Characters can also leave a shared haven. A rift might form between close Kindred. A character might meet Final Death. Or one could be kicked out of the haven by the others. When a character leaves a shared-Haven relationship, the dots he contributed are removed from the pool. If the individual still survives, he doesn’t get all his dots back for his own purposes. He gets one less than he originally contributed. So, if a character breaks a relationship with his coterie, his two Haven dots are lost by the group, but he gets only one dot back for his own purposes. The lost dot represents the cost or bad image that comes from the breakup. If all members agree to part ways, they all lose one dot from what they originally contributed.

The Storyteller decides what reduced dots mean in the story when a character leaves a shared haven. Perhaps no one else picks up the character’s attention to Haven Security, leaving that to drop. The haven might not be tended as fastidiously, causing a drop in the Haven Location value. Maybe a portion of the haven falls into disuse or even collapses, causing an effective drop in Haven Size. Whatever the case, a plausible explanation must be determined.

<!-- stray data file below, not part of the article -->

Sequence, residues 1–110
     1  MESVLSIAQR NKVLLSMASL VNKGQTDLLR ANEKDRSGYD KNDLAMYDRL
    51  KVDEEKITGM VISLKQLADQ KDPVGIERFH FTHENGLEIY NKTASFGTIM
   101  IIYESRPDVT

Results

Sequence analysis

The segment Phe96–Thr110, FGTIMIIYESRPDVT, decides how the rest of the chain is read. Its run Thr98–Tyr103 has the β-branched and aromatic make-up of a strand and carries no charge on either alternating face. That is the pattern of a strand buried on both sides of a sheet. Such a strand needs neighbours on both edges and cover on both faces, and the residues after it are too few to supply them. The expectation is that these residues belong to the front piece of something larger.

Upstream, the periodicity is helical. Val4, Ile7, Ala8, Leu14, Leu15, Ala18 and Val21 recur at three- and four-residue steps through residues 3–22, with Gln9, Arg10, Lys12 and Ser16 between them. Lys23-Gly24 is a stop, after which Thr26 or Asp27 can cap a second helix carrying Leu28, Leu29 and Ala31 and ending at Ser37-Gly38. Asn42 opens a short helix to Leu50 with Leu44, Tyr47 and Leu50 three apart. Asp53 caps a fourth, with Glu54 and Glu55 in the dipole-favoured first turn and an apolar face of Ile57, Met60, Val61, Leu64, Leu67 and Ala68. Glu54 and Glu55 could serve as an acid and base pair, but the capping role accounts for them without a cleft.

A character need not devote all of her Haven dots to the shared Haven Merit, of course. A Kindred might maintain a separate haven of her own outside the communal one represented by the shared trait. Any leftover dots that a character has (or is unwilling to share) signify what she has to draw upon as an individual, separate from her partners. For example, three characters share a haven and expend a group total of five dots. One character chooses to use two other dots on a private haven for herself. Those remaining two dots represent a haven entirely separate from what she and her partners have established together.

To record a shared Haven Merit on your character sheet, put an asterisk next to the name of the Haven Merit and fill in the total dots that your character has access to thanks to his partnership. In order to record his original contribution, write it in parentheses along with the Merit’s name. It is not important to note which aspect of the Haven Merit on which those points are spent, as this allows greater flexibility should a character ever decide to withdraw from the community arrangement.

Haven